Nyssa sylvatica Blackgum
Populus tremuloides Quaking aspen
Quercus alba White oak
Quercus imbricaria Shingle oak
Sassafras albidum Sassafras
Amelanchier canadensis Shadblow serviceberry

Quaking aspen, a fast growing, short-lived tree, will eventually be removed as the oaks gain in size

Shrubs used on the slopes

Botanical name Common name
Arctostaphylos uva-ursi Bearberry
Ceanothus virginiana New Jersey tea ceanothus
Ilex glabra ‘Densa’ Dwarf inkberry
Juniperis communis ‘Effusa’ Effusa juniper
Potentilla fruticosa ‘Primrose Beauty’ Primrose beauty cinquefoil
Rhus aromatica‘Gro-Low’ Gro-low sumac
Vaccinium corymbosum ‘Blueray’ & ‘Bluecrop’ Highbush blueberry

 

The hillsides were also planted with the Alkaline Ornamental Meadow, Low Ornamental Meadow and Warm Season Grass seed mixes.

 

Alkaline Ornamental Meadow seed mix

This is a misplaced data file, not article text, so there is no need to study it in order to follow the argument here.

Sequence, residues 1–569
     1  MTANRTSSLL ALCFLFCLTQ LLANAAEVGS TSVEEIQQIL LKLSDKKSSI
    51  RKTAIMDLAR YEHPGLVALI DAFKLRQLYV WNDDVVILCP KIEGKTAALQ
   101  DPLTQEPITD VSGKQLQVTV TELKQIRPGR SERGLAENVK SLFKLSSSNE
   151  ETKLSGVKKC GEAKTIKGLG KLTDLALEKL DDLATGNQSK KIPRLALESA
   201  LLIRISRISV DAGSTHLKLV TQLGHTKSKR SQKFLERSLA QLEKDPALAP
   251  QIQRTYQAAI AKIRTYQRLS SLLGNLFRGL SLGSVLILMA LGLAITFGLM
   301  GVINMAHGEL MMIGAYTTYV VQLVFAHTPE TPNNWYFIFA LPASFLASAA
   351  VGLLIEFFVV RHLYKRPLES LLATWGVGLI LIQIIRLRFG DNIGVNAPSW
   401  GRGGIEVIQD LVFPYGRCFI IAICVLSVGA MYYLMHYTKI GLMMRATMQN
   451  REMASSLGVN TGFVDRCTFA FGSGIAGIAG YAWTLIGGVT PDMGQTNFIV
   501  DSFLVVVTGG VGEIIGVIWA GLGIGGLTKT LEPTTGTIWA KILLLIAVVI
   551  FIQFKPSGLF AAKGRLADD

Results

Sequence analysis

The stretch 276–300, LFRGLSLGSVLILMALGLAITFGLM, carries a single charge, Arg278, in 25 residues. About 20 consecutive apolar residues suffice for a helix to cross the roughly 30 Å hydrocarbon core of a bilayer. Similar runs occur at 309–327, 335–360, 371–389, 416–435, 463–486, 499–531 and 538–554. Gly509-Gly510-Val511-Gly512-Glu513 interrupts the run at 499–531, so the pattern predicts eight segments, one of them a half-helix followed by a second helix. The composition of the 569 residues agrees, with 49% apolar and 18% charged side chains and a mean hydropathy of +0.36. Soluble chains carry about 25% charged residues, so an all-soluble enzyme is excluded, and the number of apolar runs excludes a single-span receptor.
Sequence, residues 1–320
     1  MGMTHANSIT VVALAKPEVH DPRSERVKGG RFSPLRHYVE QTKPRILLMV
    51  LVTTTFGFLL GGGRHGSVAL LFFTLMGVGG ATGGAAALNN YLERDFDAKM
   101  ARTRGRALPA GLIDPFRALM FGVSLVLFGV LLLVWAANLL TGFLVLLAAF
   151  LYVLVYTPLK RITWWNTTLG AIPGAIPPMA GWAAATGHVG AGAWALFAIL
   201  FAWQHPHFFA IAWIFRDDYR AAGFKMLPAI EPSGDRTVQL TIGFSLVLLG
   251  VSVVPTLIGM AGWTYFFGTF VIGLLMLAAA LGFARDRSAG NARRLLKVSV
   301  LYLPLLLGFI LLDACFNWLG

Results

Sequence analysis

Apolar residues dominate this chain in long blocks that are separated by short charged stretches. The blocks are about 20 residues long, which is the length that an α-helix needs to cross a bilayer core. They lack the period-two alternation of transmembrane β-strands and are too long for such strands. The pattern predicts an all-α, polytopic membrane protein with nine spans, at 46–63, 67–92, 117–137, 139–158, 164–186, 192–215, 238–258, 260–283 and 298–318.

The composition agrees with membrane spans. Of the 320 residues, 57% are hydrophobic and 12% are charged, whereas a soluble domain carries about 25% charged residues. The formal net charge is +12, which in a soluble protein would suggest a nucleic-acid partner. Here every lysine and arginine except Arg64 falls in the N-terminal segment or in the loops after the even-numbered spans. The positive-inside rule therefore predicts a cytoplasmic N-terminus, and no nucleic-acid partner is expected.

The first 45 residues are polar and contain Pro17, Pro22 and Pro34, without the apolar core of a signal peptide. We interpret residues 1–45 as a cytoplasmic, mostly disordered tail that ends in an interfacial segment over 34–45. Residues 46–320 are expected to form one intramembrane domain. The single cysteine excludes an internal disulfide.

Botanical name Common name
15% Aster oblongifolius ‘October Skies’ October Skies Aster (perennial)
30% Bouteloua curtipendula Side oats grama (grass)
15% Coreopsis verticillata Thread-leaved tickseed (perennial)
15% Rudbeckia fulgida var. fulgida Black-eyed Susan (perennial)
25% Schizachyrium scoparium ‘Prairie Blues’ Little bluestem ‘Prairie Blues’ (grass)

 

Warm Season Grass seed mix

Botanical name Common name
15% Bouteloua curtipendula Side oats grama
30% Sporobolus heterolepis Prairie dropseed
30% Schizachyrium scoparium ‘Prairie Blues’ Little bluestem Prairie Blues
25% Asclepias verticillata Whorled milkweed